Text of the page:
I won’t talk much about the aforementioned product for intellectual property reasons, but I did look into the possibility of creating a graphics program by simply describing the desired image through words or sketching or other forms of input just as much as one would dictate to a human artist. In effect, the computer becomes one’s own personal artist.

Wouldn’t it be great if a computer can dynamically produce any image a person would so desired? How much more versatile could software be if it could render arbitrary scenes depending on the context as part of their operation instead of canned photographs? In addition to the complexity of determining meaning through words, a large library of graphical assets would be needed in mathematical form. A recent TED video of PhotoSynth (at 3:40) actually suggests that these assets can be data-mined from tagged Flicker images using computer vision techniques.

In the course of posing this question and researching the practicality of it in 2002, I discovered existing research called Word’s Eye that utilizes a conversational interface to construct images. The technology is described in the research paper WordsEye: Automatic Text-to-Scene Conversion System, but more accessible descriptions and examples are available in the following Creators Project blog post, “Wordseye Is An Artistic Software Designed To Depict Language.”


The above is an example of an uncanny WordsEye rendering an scene based on a text description. The graphics were licensed from a library of 3D model and are transformed to fit into the scene. This can be taken a step further to produce non-photorealistic rendering effects.

January 16, 2012

Online Courses

There have been video-taped lectures on the web for the past decade since the arrival of video-sharing sites. Early on, I watched a number of them. Some were computer science lectures from the University of Washington Professional Master Program, sponsored by Microsoft, like Data Mining.

However, for the most part, I avoided these video-based lectures or simply played them in the background (learning via osmosis). My issues with video lectures were manifold:

  1. Time. Video lectures consume a considerable amount of time, one to three hours.
  2. Not designed for online consumption. The video is a taping of an in-person lecture. Often times, relevant material in the blackboard or notes slide are not even visible.
  3. Not self-contained. Additional readings are required.

Instead, I would read through lecture presentation and notes for a course from MIT’s OpenCourseWare and other university programs. However, the retention of terminology and information from reading slides is weak. Slides typically have little content and explanation—just bullet points and diagrams, and the amount of time spent reviewing the presentation is a small fraction of the time watching a lecture—not enough to think deeply about a topic. Lecture notes can help, but they are often dry and usually not available.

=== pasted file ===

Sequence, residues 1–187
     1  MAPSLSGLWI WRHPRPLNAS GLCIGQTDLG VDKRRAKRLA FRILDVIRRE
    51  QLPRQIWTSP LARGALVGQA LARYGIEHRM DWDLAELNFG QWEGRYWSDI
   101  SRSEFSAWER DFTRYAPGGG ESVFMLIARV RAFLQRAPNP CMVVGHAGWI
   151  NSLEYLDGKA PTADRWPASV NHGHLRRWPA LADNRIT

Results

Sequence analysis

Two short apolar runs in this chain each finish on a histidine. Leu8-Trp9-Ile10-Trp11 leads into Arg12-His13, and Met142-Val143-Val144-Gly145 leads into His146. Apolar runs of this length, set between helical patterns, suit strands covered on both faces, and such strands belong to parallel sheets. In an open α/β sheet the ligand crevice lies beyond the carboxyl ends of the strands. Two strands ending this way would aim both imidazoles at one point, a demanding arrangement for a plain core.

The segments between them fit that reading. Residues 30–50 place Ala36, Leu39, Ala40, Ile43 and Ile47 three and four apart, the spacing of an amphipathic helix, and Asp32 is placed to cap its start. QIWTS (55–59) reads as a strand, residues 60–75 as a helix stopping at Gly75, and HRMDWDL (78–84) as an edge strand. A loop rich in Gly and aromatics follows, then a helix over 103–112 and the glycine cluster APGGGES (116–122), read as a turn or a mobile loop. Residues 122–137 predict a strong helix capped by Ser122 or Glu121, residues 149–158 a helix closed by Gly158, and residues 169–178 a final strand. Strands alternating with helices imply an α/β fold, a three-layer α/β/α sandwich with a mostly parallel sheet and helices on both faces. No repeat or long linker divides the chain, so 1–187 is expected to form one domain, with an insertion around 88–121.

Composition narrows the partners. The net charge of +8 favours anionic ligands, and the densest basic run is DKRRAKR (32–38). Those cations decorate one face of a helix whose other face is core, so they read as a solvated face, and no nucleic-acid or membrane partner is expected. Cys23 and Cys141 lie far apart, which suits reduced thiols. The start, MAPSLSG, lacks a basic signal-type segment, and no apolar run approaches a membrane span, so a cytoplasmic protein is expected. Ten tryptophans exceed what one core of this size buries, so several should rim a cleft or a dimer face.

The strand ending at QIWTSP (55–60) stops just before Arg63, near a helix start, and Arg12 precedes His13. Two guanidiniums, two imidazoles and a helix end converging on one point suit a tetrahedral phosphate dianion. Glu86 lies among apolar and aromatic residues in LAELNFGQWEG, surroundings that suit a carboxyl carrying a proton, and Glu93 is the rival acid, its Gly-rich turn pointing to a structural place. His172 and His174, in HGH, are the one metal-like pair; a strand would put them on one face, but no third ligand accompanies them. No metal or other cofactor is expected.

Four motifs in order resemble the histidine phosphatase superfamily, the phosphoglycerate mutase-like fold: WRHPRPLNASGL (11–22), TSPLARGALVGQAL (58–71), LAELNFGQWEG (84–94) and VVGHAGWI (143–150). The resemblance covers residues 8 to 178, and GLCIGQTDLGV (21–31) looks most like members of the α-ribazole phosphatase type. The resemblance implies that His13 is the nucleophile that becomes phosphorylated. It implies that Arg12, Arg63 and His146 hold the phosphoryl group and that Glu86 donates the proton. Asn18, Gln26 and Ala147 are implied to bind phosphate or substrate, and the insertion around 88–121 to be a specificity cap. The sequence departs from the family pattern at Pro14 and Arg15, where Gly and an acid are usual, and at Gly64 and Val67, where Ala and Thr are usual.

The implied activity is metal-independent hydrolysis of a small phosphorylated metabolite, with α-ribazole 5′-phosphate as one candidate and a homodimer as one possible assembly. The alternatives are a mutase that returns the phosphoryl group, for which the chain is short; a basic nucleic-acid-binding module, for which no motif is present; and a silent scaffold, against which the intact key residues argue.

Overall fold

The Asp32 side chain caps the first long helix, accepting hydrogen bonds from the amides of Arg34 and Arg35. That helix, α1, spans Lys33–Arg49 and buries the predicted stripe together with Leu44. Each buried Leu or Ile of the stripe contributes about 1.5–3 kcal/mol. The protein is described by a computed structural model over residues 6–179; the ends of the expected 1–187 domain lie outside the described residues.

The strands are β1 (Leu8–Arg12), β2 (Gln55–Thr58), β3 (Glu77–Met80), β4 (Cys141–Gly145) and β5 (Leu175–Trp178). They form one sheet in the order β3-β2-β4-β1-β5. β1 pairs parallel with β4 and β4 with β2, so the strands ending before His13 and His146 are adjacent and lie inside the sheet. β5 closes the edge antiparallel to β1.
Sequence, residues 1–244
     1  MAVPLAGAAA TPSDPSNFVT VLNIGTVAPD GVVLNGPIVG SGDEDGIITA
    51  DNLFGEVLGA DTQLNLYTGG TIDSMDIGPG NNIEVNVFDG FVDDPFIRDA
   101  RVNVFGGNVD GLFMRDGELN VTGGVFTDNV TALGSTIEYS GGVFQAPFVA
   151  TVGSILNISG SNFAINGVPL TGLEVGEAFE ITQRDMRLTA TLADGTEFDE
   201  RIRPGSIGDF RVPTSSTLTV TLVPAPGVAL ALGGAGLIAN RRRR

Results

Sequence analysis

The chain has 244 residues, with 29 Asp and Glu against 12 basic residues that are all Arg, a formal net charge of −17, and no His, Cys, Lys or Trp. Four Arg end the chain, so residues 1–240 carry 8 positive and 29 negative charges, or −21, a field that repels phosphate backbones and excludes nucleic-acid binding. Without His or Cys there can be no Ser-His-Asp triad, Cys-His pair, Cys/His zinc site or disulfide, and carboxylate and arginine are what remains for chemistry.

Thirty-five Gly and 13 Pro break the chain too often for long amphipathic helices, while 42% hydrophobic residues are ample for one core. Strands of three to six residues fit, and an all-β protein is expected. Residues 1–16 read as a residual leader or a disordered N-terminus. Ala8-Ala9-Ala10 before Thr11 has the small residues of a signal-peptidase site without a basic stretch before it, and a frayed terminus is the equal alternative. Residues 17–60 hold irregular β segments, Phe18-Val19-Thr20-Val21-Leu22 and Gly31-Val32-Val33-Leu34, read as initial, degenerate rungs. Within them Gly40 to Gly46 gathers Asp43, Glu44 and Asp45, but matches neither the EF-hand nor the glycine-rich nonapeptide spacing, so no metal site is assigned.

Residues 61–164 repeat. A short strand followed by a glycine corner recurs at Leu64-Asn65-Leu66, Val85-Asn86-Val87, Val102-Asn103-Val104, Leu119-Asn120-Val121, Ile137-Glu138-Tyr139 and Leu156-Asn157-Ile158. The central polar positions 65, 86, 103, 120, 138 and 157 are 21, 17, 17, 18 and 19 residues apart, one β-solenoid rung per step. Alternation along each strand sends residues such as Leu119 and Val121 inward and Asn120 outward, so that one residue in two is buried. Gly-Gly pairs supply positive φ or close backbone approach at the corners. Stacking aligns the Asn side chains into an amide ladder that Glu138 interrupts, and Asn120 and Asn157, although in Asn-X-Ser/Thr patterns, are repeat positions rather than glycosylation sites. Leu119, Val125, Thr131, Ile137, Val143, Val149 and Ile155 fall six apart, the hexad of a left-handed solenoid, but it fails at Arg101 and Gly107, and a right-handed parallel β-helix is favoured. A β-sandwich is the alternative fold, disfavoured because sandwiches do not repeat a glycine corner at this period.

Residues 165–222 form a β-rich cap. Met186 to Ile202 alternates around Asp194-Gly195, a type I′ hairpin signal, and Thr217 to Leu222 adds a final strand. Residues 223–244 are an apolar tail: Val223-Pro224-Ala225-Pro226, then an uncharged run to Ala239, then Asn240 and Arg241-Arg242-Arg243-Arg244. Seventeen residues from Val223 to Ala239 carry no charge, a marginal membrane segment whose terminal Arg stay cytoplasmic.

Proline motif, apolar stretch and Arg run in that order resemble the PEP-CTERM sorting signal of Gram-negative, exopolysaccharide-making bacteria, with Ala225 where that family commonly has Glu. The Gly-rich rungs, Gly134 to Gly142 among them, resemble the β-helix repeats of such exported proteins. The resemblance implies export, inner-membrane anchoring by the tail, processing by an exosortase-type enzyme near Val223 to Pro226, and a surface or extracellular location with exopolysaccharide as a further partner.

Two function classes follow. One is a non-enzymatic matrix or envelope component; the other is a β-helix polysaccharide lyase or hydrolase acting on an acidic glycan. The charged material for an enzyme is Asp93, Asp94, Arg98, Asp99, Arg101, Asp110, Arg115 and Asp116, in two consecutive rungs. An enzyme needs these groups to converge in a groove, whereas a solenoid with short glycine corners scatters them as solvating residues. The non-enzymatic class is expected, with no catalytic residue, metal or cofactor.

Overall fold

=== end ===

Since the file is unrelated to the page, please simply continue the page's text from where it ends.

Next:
Led by Andrew Ng, Professors at Stanford in fall 2011 launched three unofficial non-credit courses over the fall directed at the worldwide online audience. These also included regular homework and exams. About a hundred thousand students signed up for each course with over ten thousand fully completing all the requirements .

I took part in all three and found them to be high quality and as effective as regular courses. The Stanford online course lectures have become my sole hobby.

  1. Streamlined videos. Videos are delivered in small chunks with dead time edited out and an option for accelerated viewing.
  2. Optimized for online. Professors speak directly to the camera. Lecture notes are clearly viewable on top a white background instead of a distant blackboard.
  3. Course progress. Viewed videos and completed homeworks are marked.
  4. Community forums. Students communicate with each other and with the course staff.

The courses are taught by prominent professors in their field. Peter Norvig, Google director of R&D and author of AI: A Modern Approach used by 95% of students, teaches AI alongside Sebastien Thrun, an expert in robotics. The courses are somewhat less rigorous than the official Stanford classes and come complete with a certificate of accomplishment. In the AI class, I received congratulatory mail for perfect homework scores and towards the end an invitation to job placement program for the top 1000 students out of about an estimated 36,000 students. I easily obtained a perfect score on ML and DB class assignments.

Stanford initiated other less optimized offerings in previous years such as Stanford Education Everywhere (SEE) and Stanford’s Class X, where are videotaped lectures of courses targeted to Stanford’s professional program: The courses are still available for viewing. In addition to the three Stanford courses earlier, I watched through Introduction to Robotics, Program Analysis and Optimization, iPhone Application Development.

There are currently sixteen Stanford course planned for the winter quarter using the same interactive system in computer science, entrepreneurship, engineering and medicine, of which I plan to take as many as possible.

MITX is an upcoming online course program by MIT along the same vein, extending beyond the OpenCourseWare program.

January 14, 2012

The Computers and Internet of Yesteryear

The underlying experiences that we obtain from using computers and the Internet may not be as alien to prior generations as we may think. Things are faster and smaller, but not fundamentally different.